Mix & Match
Award MB10 Matchbox DI/EQ/Speaker Simulator
This extremely versatile problem solver can function as a low-noise DI box, guitar preamp and speaker simulator.
The makers of the popular Sessionmaster guitar preamp looked at the DI box concept and thought it could be much more useful: the result is the Matchbox, a DI with a difference. Paul White strikes up a beautiful relationship...
Award's Matchbox is a rather stylish, multipurpose, battery powered DI box with a difference. It works with both line and instrument level signals and has additional features for use with electric guitars in the form of tube-amp voicing, variable high frequency EQ and speaker simulation, the latter being based on the circuit used in the popular Sessionmaster Recording Guitar Preamplifier.
The idea is that, as well as its role as a normal DI box, the Matchbox has additional modes specifically related to recording guitar. It is particularly useful in the home studio, where it eliminates the need to mic up loud guitar amplifiers, and though it contains no effects or overdrive circuitry of its own, it works equally well for processing guitar effects pedals or the output from a guitar preamp to provide a 'miked up' sound suitable for recording direct to tape. During the course of the review, I also confirmed the manufacturer's claim that the Matchbox can double as a microphone preamplifier for high impedance microphones and, with the addition of a mic matching transformer, even low impedance microphones. This could be particularly useful for Portastudio users who have machines without channel insert points as it provides a means to insert a compressor between the mic and the recorder input; the mic feeds the Matchbox, the Matchbox feeds the compressor and the compressor feeds the recorder.
The unit is powered from a standard 9v, PP3 battery which is automatically switched off when the input is unplugged, but may also be powered from an optional AC adaptor. Line, microphone or instrument sources are connected to the (unbalanced) jack input socket, though speaker level sources are not catered for. The gain control optimises the input level, while the overall sensitivity is switched using the Line/Instruments switch. There's no peak level warning LED, but if distortion becomes evident, it's easy enough to back off the gain control a touch.
When the guitar EQ is switched in, the Treble control becomes active, the equaliser circuit itself apparently being based on the passive designs used in valve guitar amplifiers. Effectively, it is a three-band EQ where the low and mid settings are preset and just the treble is variable, but there's more to this circuit than just EQ, as it actually simulates the voicing of a typical guitar amplifier, adding brightness and low-end punch. The EQ may be used either with or without the speaker simulation to produce a wide range of clean guitar tones, ranging from mellow to glassy bright, and the fact that the unit has a high input impedance means that the original tone of the guitar is not compromised in any way.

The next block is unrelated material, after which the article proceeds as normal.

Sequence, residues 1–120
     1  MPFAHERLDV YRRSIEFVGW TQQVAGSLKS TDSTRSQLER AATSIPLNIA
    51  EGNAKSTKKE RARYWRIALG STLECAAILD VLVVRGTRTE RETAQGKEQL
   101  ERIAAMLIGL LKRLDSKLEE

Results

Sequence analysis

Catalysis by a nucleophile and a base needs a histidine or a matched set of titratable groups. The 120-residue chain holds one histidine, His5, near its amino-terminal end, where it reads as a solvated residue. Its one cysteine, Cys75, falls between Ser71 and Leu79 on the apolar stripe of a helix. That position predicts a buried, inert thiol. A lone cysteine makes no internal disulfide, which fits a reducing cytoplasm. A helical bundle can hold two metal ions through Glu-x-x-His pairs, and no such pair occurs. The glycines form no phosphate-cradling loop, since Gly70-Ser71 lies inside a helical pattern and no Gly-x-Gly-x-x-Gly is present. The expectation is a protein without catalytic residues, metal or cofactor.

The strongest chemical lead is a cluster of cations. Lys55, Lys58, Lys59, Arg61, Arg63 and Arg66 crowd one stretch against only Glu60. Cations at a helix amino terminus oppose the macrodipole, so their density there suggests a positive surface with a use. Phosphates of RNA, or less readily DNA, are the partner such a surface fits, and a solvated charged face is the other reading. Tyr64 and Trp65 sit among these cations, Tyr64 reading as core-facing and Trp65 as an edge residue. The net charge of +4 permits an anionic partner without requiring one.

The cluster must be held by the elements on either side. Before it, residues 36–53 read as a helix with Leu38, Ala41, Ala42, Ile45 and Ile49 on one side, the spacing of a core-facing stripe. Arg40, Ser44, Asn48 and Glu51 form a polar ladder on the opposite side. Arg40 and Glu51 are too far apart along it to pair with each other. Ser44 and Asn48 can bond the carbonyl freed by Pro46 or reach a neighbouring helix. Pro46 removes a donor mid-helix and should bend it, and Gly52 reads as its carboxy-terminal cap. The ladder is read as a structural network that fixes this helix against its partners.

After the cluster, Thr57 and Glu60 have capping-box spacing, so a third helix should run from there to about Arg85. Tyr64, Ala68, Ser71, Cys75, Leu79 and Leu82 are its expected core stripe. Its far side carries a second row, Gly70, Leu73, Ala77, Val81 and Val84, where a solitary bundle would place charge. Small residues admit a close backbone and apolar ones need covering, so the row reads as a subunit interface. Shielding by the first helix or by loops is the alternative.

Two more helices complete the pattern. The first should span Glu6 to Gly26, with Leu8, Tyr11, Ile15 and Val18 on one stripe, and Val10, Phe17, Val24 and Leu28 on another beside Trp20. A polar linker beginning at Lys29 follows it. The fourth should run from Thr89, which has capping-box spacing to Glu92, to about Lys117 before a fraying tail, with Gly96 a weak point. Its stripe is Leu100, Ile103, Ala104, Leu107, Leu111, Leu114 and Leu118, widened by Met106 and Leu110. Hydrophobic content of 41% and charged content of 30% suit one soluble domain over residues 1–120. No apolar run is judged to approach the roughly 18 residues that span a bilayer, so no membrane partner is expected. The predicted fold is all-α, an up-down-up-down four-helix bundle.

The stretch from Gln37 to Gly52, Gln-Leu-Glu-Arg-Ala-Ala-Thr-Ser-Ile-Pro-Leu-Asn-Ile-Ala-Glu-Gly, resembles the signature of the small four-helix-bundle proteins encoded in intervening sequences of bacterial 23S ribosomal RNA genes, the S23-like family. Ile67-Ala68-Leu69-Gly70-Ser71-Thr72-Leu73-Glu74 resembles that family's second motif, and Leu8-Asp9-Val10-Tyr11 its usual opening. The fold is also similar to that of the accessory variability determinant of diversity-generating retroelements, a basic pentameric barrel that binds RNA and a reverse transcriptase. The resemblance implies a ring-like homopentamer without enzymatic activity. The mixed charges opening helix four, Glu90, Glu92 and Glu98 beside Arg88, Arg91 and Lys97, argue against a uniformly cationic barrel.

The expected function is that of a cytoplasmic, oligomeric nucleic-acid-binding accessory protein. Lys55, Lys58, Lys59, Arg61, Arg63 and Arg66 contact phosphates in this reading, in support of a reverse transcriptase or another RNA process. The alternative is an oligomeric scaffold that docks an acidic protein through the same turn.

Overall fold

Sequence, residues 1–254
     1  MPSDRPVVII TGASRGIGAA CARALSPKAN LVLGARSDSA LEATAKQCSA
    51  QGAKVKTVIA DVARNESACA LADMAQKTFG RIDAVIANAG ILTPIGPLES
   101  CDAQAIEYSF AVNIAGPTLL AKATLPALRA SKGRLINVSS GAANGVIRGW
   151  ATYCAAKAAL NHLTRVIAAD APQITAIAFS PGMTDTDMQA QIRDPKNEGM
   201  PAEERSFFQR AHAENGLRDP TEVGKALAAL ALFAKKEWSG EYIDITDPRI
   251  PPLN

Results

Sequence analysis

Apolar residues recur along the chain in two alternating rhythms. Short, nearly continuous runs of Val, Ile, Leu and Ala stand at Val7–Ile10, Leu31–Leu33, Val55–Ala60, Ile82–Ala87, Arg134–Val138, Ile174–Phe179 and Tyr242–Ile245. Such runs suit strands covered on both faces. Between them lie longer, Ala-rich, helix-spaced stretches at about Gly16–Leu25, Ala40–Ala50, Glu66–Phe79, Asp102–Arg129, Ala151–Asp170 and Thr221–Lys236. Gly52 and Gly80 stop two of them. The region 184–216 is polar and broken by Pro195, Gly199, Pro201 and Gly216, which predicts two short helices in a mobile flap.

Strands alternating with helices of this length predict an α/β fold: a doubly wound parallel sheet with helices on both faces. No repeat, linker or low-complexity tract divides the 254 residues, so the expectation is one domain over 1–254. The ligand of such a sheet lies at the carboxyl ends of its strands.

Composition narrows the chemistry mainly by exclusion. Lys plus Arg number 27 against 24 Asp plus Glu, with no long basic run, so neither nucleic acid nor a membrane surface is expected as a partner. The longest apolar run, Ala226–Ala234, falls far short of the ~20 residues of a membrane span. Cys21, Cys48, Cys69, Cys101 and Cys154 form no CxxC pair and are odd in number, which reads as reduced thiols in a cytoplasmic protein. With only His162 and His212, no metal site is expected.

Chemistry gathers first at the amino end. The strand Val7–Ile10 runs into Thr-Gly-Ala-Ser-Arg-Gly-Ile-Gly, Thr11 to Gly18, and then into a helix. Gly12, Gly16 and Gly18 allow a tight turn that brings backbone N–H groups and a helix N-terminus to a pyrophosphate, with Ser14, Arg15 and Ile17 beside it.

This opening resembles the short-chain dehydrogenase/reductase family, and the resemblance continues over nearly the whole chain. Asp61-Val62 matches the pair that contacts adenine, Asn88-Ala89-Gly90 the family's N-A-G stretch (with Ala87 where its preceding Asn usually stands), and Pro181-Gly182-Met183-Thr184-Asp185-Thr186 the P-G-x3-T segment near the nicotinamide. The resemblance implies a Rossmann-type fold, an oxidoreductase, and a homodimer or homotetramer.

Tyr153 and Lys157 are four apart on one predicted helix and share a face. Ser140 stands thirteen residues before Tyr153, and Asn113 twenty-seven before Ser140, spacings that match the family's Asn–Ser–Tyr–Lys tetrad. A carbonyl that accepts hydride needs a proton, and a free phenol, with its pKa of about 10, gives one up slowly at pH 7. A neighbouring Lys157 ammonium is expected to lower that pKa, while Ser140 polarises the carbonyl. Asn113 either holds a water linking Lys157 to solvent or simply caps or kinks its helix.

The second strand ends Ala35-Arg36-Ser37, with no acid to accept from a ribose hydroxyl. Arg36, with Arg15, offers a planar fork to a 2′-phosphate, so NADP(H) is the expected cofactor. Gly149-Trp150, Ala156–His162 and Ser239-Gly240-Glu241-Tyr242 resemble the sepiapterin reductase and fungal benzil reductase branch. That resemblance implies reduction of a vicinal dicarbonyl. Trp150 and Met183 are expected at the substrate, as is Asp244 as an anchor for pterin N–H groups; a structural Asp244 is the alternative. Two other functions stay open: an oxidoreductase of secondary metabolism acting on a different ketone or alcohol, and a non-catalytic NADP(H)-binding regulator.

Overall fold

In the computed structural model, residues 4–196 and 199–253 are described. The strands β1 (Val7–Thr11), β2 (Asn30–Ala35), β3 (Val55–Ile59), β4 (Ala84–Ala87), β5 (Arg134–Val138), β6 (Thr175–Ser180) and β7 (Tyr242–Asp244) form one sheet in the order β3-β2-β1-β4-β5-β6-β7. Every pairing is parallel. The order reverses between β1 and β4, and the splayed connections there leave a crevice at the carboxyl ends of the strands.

For overdriven sounds such as effects pedals or preamps, switching the speaker simulator in provides a warm sound that remains bright without being fizzy. It should be stressed that the Matchbox doesn't actually create overdrive effects, but the speaker simulation means that ordinary distortion pedals can be recorded with no problem. In practice, the simulation is very close to the sound you'd expect from a miked amp, though a little fine tuning with your desk EQ can be used to customise it still further.
The output from the Matchbox is at line level on a stereo jack socket which can be used balanced or unbalanced; there is no XLR output or provision for phantom powering.
For my tests, the Matchbox was plugged directly into my mixing console line input, and aside from its obvious versatility, was impressed by how quiet the circuitry was, even with quite high amounts of treble boost added.
In practice, the unit functioned perfectly as a conventional DI box for use with bass guitars and so on, but it also proved to be gratifyingly flexible when used with 6-string electric guitar. Without using any other effects or processors, a very acceptable clean guitar sound is achievable, while the addition of a compressor yields a very classy result indeed. It also works well with acoustic guitar pickup systems, bass guitars and even keyboards, where the speaker simulator can be used to create more of a warm, analogue sound from digital instruments. A side-benefit is that the high frequency noise generated by some MIDI synths is reduced by the speaker simulation filtering.
Given that this is a very modestly priced unit with so many potential uses, I can see it becoming very popular in both home and professional recording studios. It costs little more than a regular DI box, yet can make a world of difference when recording electric guitar and also comes into its own as a universal problem solver for matching levels or adding EQ to sounds.
Award Matchbox £89.95 including VAT.
Award Design, (Contact Details).
Review by Paul White
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